Discussion in 'LUKE CLAYTON' started by Luke Clayton, Oct 29, 2009.

  1. Luke Clayton

    Luke Clayton New Member

    by Luke Clayton

    Luke Clayton

    I just experienced one of the most action packed, fun filled days of deer hunting of my career and I’ve been hunting deer a LONG time. I’ve had a trip to Big Woods on the Trinity ( planned for the past couple weeks but my schedule couldn’t seem to coincide with fair weather until a couple days ago. There is a bright side to all the rainfall we’ve been getting lately, at least when hunting at the Big Woods. The bottoms along the Trinity are flooded which helped to concentrate the deer herd on the higher knolls and hills. This made for an action packed day of antler rattling. With a buck/doe ratio of close to 1:1, antler rattling, especially during the early stages of the rut, proved to be highly effective.

    As I drove to the Big Woods during early morning, I began to get that ‘feeling’ that conditions were perfect for deer hunting. In route to the ranch, along Highway 287, I watched a young buck push a doe out of cover and into the right of way, the rut was definitely on! I’ve been bow hunting for a full month and welcomed the opportunity to put my new .270 TC Venture to work and this short one day outing.

    As I pulled into the gate, Heath Burney, who serves as head guide on the ranch, verified what I had already determined, the rut was going strong.”I’ve been hunting a big eight pointer that will score about 140 BC.” says Heath. “Didn’t see him this morning but did see several bucks chasing does. The high water has the deer concentrated up on higher ground. You should do well with your rattling horns. Is that some sort of new blind in the back of your Jeep?” Heath was referring to the GhostBlind that I have been hunting from since early summer. I quickly unfolded the blind and set it up in camp. With mirrors on the outside and conventional camo inside, the blind consists of panels that fold together and sets up in a matter of seconds. The blind weighs about 18 pounds and with comfortable backpack straps, is highly portable, just the thing for rattling in bucks. My plan was to move through the woods then, when I reached areas with good visibility, quickly set the blind up and spend ten minutes rattling. This ‘run and gun’ style of hunting has the potential to be very exciting!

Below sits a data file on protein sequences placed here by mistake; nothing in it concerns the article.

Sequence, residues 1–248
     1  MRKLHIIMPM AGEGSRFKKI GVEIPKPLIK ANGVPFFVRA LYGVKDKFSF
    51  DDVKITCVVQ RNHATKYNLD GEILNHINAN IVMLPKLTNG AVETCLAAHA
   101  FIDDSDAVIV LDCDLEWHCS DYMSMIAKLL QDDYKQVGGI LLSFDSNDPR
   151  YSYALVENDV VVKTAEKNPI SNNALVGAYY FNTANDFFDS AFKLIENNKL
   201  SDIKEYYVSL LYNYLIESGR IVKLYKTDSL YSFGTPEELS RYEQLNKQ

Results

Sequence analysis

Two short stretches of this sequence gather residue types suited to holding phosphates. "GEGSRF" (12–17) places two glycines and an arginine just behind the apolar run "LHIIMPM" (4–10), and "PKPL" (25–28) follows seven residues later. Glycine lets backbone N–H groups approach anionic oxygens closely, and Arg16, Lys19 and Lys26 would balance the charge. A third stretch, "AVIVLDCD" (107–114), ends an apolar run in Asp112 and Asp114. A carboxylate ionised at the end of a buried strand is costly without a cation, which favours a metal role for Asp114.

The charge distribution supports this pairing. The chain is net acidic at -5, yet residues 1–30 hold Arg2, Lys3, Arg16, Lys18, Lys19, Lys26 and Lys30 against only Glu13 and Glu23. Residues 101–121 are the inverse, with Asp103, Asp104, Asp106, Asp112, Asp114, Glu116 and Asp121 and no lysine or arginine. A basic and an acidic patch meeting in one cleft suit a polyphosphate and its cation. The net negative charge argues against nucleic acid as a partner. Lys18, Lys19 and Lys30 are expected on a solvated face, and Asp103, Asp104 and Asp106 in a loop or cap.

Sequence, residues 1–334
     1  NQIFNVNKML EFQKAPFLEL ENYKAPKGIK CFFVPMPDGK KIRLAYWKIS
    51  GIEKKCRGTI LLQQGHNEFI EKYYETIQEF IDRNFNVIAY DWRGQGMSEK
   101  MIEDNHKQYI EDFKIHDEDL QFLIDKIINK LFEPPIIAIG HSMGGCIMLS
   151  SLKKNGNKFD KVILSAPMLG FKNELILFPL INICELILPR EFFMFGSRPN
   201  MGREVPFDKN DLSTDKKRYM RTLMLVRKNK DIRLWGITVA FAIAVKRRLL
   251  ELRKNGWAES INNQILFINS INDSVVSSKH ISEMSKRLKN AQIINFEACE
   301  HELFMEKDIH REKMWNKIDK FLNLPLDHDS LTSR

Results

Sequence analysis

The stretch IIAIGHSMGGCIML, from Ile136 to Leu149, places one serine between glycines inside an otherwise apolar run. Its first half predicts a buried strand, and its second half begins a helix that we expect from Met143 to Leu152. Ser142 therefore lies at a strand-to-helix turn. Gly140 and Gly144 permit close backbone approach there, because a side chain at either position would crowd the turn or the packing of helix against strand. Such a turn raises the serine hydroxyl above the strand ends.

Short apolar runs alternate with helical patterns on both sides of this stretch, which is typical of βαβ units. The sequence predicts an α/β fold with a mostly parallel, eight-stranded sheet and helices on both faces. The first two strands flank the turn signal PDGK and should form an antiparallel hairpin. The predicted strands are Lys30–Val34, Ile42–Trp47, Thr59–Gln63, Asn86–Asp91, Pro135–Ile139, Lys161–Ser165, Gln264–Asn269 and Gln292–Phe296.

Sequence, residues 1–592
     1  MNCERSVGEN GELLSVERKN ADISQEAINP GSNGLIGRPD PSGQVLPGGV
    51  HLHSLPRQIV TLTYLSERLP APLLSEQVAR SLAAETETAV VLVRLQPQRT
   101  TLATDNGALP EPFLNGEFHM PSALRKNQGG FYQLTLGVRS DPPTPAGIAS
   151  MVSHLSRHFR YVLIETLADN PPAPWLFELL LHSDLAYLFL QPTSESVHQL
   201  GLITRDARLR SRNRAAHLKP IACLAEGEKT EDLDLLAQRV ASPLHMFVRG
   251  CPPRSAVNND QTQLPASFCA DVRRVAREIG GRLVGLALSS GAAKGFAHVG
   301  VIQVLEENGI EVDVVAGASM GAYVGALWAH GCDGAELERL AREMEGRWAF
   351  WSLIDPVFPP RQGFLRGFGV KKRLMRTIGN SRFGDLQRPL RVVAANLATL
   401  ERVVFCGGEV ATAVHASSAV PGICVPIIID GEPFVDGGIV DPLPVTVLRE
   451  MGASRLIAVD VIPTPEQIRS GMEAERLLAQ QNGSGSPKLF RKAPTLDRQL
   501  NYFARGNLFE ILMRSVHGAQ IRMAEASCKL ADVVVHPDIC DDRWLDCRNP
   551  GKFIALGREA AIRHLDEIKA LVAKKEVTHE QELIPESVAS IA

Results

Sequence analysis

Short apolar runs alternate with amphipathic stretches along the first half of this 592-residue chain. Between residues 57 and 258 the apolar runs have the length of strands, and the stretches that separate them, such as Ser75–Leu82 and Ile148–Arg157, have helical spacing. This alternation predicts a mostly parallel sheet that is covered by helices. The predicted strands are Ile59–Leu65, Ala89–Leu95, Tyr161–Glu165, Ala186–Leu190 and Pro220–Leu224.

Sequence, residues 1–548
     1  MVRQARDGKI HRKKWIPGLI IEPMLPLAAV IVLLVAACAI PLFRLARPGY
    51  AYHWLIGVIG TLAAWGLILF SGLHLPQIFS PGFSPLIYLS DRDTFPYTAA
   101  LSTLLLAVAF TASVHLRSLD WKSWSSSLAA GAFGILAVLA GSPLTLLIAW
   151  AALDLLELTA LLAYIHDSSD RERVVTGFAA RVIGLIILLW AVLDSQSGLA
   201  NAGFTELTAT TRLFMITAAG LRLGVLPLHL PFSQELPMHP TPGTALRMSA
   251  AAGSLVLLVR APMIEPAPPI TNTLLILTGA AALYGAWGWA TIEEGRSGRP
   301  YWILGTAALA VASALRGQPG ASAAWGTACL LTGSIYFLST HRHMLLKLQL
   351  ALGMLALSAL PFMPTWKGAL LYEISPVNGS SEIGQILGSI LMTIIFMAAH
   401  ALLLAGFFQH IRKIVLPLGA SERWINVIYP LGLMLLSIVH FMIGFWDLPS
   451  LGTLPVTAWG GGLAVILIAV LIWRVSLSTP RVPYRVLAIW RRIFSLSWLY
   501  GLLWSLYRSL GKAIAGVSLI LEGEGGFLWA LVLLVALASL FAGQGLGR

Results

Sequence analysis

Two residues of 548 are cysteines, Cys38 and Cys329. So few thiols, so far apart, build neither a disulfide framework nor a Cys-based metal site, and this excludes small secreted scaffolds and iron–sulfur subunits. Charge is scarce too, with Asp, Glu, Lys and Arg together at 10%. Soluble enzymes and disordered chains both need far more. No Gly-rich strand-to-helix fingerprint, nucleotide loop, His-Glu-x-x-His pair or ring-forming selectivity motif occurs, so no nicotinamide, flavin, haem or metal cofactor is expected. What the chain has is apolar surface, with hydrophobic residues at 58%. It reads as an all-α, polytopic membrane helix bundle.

I was anxious to head out and begin hunting but I took the time to check my Thompson Center Venture .270. The rifle is extremely accurate, guaranteed to shoot ‘minute of angle’ groups. Topped with the Bushnell Elite scope, this rig is lethal on game out to 300 yards and, beyond for those skilled in long range shooting. With a 3 shot group 1.5 inches high at 100 that a quarter would cover, my confidence was high.

    Dr. Mcfarlane was busy ‘doctoring’ the day of my hunt but he had advised me to hunt a long, winding trail through the hardwoods known as “Wounded Pig Lane”. The area was a couple miles from camp and I quietly parked the ATV, put the GhostBlind on my back, grabbed my rifle, grunt tube and rattling horns and made my way along the trail. As I walked along, deer and hog tracks were evident everywhere. When the whitetail rut kicks in, deer become very active and it’s possible to see them anywhere, so it’s important to remain vigilant. A couple hundred yards down the trail, the woods opened up, giving me a good vantage spot to watch for approaching deer. I set the GhostBlind up quickly, got behind it and began rattling. In a couple of minutes, a big doe, obviously in estrus, came out of the brush, stopped often, looking behind her. I readied the rifle and waited. She was obviously attracted to what she thought was a buck fight and intended to get a ring side seat. She approached within forty yards of the blind then, moved back into the brush. Yes, rattling antlers does sometime attract curious doe as well as bucks looking for a fight!